Emotional cheat­ing

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With China's di­vorce rate ris­ing in re­cent years, chugui – mean­ing cheat­ing on one's part­ner – is of­ten dis­cussed, with some ex­claim­ing that loyal, exclusive mar­riages are be­com­ing rarer by the day. Wei chugui (mi­cro-cheat­ing) is the new it-term. It refers to a form of cheat­ing which is not sex­ual in na­ture, but is a sub­tle be­trayal of the heart.

With “wei” mean­ing mi­cro, and “chugui” lit­er­ally de­rail, wei chugui is de­rived from an old Chi­nese metaphor that casts cheat­ing on one's part­ner as re­sem­bling a train which has run off its tracks.

No one can say ex­actly where the term came from or how it achieved pop­u­lar­ity, but it has prompted many on­line to con­trib­ute to a grow­ing list of be­hav­iors which con­sti­tute wei chugui. Maybe you posted a selfie on­line in the hope that a cer­tain per­son – not your part­ner – would see it and “like” it. Per­haps you posted about your bad day hop­ing to elicit a re­sponse from that per­son. You might even spend ex­ces­sive amounts of time talk­ing to them on the phone or on­line.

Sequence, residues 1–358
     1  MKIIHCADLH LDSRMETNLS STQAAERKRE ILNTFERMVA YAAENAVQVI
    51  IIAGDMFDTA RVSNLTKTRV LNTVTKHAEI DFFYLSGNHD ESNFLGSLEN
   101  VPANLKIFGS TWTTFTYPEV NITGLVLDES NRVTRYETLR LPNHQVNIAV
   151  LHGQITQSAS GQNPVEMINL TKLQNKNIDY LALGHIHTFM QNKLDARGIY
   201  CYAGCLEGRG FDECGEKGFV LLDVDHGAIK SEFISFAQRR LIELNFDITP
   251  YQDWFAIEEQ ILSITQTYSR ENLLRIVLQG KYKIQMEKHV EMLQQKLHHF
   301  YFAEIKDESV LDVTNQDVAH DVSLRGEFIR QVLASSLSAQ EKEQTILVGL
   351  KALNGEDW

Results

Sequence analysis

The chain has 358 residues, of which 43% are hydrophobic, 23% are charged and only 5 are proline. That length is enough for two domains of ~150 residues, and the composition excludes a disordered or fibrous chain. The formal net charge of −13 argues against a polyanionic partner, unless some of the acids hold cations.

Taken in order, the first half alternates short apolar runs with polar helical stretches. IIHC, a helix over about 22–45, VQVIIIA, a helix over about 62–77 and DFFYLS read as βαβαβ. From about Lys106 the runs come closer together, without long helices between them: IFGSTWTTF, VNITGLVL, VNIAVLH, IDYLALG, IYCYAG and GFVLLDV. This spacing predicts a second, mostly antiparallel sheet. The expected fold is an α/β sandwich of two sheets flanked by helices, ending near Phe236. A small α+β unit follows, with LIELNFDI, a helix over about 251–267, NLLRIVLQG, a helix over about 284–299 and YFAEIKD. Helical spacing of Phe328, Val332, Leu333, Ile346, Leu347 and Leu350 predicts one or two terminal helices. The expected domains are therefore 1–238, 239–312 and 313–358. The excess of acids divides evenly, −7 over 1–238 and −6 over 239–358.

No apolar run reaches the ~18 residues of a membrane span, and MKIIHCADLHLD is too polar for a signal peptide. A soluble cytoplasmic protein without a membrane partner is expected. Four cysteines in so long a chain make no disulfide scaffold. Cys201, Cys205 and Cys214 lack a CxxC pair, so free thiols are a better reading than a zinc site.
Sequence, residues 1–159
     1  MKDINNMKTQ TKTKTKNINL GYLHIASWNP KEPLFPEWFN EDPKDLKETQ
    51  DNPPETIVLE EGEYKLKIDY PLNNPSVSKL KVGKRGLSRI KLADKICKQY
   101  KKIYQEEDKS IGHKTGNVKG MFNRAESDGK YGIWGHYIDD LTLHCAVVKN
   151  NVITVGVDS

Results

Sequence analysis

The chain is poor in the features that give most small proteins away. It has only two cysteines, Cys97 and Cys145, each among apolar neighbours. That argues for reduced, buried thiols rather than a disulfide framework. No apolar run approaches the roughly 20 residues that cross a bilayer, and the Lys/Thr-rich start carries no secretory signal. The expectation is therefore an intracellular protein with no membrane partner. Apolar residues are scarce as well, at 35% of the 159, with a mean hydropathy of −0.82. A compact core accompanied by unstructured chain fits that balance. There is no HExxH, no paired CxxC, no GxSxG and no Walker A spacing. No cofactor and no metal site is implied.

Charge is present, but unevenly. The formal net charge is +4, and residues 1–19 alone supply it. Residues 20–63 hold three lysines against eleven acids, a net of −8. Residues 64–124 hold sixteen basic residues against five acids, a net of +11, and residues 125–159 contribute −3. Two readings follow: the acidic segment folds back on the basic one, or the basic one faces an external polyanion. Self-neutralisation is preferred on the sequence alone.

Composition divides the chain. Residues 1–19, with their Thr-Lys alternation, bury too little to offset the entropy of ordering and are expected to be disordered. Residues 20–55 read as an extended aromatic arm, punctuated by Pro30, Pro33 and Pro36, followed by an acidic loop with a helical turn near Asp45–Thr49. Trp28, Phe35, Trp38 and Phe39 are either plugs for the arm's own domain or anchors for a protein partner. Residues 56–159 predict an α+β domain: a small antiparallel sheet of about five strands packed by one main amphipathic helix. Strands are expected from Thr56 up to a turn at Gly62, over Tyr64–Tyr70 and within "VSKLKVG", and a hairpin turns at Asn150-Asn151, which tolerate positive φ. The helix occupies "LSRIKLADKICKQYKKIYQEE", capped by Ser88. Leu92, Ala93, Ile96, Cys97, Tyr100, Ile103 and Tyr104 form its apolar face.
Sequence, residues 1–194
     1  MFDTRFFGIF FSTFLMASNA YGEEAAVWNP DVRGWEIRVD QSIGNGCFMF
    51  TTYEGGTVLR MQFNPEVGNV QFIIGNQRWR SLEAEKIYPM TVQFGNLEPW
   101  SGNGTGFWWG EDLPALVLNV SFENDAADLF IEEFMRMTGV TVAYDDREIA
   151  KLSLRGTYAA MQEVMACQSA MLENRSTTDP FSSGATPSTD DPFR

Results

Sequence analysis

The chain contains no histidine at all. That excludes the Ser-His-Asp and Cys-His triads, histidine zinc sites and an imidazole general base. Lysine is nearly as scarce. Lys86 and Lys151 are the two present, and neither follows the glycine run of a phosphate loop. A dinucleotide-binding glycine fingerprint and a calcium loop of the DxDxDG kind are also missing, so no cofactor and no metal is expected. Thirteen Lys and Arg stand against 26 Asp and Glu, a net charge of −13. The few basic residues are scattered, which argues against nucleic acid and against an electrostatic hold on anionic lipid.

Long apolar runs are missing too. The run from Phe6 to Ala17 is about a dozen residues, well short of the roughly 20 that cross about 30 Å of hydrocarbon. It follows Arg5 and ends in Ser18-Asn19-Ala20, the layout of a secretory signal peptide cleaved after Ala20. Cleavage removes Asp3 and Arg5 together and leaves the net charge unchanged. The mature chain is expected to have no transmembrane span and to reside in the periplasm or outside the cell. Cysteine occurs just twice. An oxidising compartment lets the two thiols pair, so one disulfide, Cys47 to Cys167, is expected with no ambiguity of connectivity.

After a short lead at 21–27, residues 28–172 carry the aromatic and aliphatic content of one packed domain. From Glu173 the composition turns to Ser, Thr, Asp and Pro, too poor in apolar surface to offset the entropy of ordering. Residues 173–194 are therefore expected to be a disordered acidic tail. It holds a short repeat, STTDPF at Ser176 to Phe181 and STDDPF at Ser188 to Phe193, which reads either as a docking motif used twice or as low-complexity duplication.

Some joke that few peo­ple world­wide could be said to be loyal to their part­ner based on those cri­te­ria. How­ever, some re­la­tion­ship experts say these be­hav­iors set off alarm bells. Wei chugui could very well trans­form into real chugui if not con­trolled. And so the list is con­sid­ered a good start­ing point for self-re­flec­tion by those who are won­der­ing if their re­la­tion­ship is at risk.

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